Fintushel, Eliot. Breakfast with the Ones You Love. Mar. 2007. 288p. Bantam, paper, $12 (9780553384055). Fintushel’s first novel has it all: a girl who can kill with her mind, an opinionated cat, strange little old ladies who believe they’re daughters of the devil, the Mob, and a spaceship stashed in the abandoned part of a Sears & Roebuck building. Lea Tillim, aka Cadaver Dimples, killed her face so that people wouldn’t bother her. She kills with her mind, which her cat, Tule, disapproves of (Lea thinks her targets are probably better off that way). When she rescues the Yid from a couple of toughs with her power, the two become friends, and he tells her about the room he is making into a spaceship. When it’s complete, the Mesiach, a ship that has been waiting for its moment to come, will join it to take 13 people who’ll be called when the time is right to the promised land. Lea wants to go, too. Bad attitude and all, Lea’s an interesting narrator, whose changes as the story gets more and more bizarre keep the reader guessing. ––Regina Schroeder 2/5/07 PUBLISHERS WEEKLY review ~

Breakfast with the Ones You Love Eliot Fintushel. Bantam Spectra, $12 paper (288p) ISBN 978-0-553-38405-5 The standup comedy of Fintushel's stage work echoes through his debut novel, a highly original, seriously skewed take on kabbalistic lore, like a shofar on Yom Kippur. Lea Tillim, a 16-year-old runaway, has a psychic "talent" that allows her to kill anyone who gets in her way. She begins to blossom after she rescues Jack "the Yid" Konar, a smalltime drug dealer who also happens to be "the Chosen of the Chosen of the Chosen." The Yid has constructed a mystical spaceship—complete with a Fleshpot and the Holy of Holies—to transport the select few to the true Ish-ra-el. As Lea aids Jack on his quest, she gets stoned, receives epiphanies, is chased by the mob, is befriended by an adorably whiny minyan, helps foil the Evil One and his marquetry ladies and teams with an unlikely multitude from various religious persuasions. Though Lea's voice wanders from infatuated teen to world-weary kvetch, this uneven coming-of-age story is a virtual cornucopia of strange delights. (Mar.) http://www.denverpost.com/reviews/ci_5514537 ~

Author and performance artist Fintushel blends Asian philosophy with science fiction in a mind-melting exploration of love, loss, and cultural appropriation. Like every other “hick” on the outside of the City, Big Man dreams of gaining access to it: a place of pure Buddha-nature, where every inhabitant has abandoned desire and reached a state of absolute oneness. Unable to enter by official channels, Big Man enlists the help of his would-be lover, Angela, to sneak in through a back way. In the process, he attracts the attention of the supposed bodhisattva No Mind and the less-than-holy Buddhist teacher Bobo Shin, who pursue him into the City for their own ends. Each character is fascinatingly developed in a somewhat Dadaist fashion, all while moving the plot along. Fintushel’s goal is never to mock or deride Buddhism itself, but rather to expose the ways in which the Eightfold Path is corrupted by human nature; in that regard, this book succeeds brilliantly, deftly weaving a tragic romance that’s about all of us, and none at all. (Featured review (June) online and in print) ~ PUBLISHERS WEEKLY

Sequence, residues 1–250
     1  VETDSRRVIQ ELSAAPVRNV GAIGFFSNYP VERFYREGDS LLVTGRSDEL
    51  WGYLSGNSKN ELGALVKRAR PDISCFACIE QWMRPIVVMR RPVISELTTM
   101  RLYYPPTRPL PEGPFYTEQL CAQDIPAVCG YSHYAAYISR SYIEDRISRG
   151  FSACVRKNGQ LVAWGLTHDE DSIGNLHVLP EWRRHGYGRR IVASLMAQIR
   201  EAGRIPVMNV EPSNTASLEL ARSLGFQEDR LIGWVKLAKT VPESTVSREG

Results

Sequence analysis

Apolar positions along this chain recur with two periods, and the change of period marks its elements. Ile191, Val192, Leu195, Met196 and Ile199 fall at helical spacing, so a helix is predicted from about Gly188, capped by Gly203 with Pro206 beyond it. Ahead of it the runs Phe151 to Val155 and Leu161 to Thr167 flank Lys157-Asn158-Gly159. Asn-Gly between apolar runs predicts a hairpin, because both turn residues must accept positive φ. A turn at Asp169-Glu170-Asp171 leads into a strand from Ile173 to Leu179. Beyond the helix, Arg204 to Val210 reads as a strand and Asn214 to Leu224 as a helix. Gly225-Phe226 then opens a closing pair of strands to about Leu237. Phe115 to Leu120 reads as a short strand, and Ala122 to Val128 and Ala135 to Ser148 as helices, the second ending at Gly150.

You seem to be quite a polymath—and a mime too! ~ Oliver Sacks, letter in response to my writing

“I’m sure that a certain percentage of my readership, the less sophisticated readers, are going to find it completely incomprehensible, and be infuriated as a result. But hey, as we used to say in the Army, fuck them if they can’t take a joke.” ~ Gardner Dozois, perennial Hugo Award winner, former editor of Asimov’s Science Fiction Magazine

“It reads like a road map to one of my brains.” – Art Spiegelman (Maus) ~ Art Spiegelman, post card to me from Art, 1993

BREAKFAST WITH THE ONES YOU LOVE will enlarge your consciousness, tickle your soul, stop your heart and make you laugh out loud. Although you board this interdimensional roller coaster of a book just around the block, before the ride is over you'll get a glimpse of the Promised Land -- guaranteed! By conjuring up a gaggle of characters that give new meaning to the adjective 'quirky' and typing some of the most amazing sentences you'll ever read, Eliot Fintushel has established himself as the Master of High Strangeness. ~ James Patrick Kelly, author of Burn

Eliot Fintushel and his nifty stories have been an ongoing joy for me for years. ~ Harlan Ellison

If the world ended tomorrow and your soul was ready and your loins were sated, next you’d need a good yarn and a hard laugh. That’s Eliot Fintushel’s brilliant Breakfast with the Ones You Love, a deft, hilarious, and lovable apocalyptic tale that mashes the hardboiled, the nightmarish and the absurdly mundane like some new pharmaceutical with side effects that are equal parts joy, terror and wisdom. Not a bad way to go. ~ Patrick O'Leary, author of The Gift and The Impossible Bird

Eliot Fintushel's BREAKFAST WITH THE ONES YOU LOVE is a fantasy like no other. Certified meshugge Fintushel presents for our edification a Jewish comic knockabout metaphysical thriller, and gives to airy nothing a local habitation and a name. You should be so lucky as to own this book. ~ John Kessel, author of Corrupting Dr. Nice

Eliot Fintushel
Eliot Fintushel Eliot lives between the horse stables and transmission shops in Santa Rosa, California. He makes his living as a writer and as an itinerant ...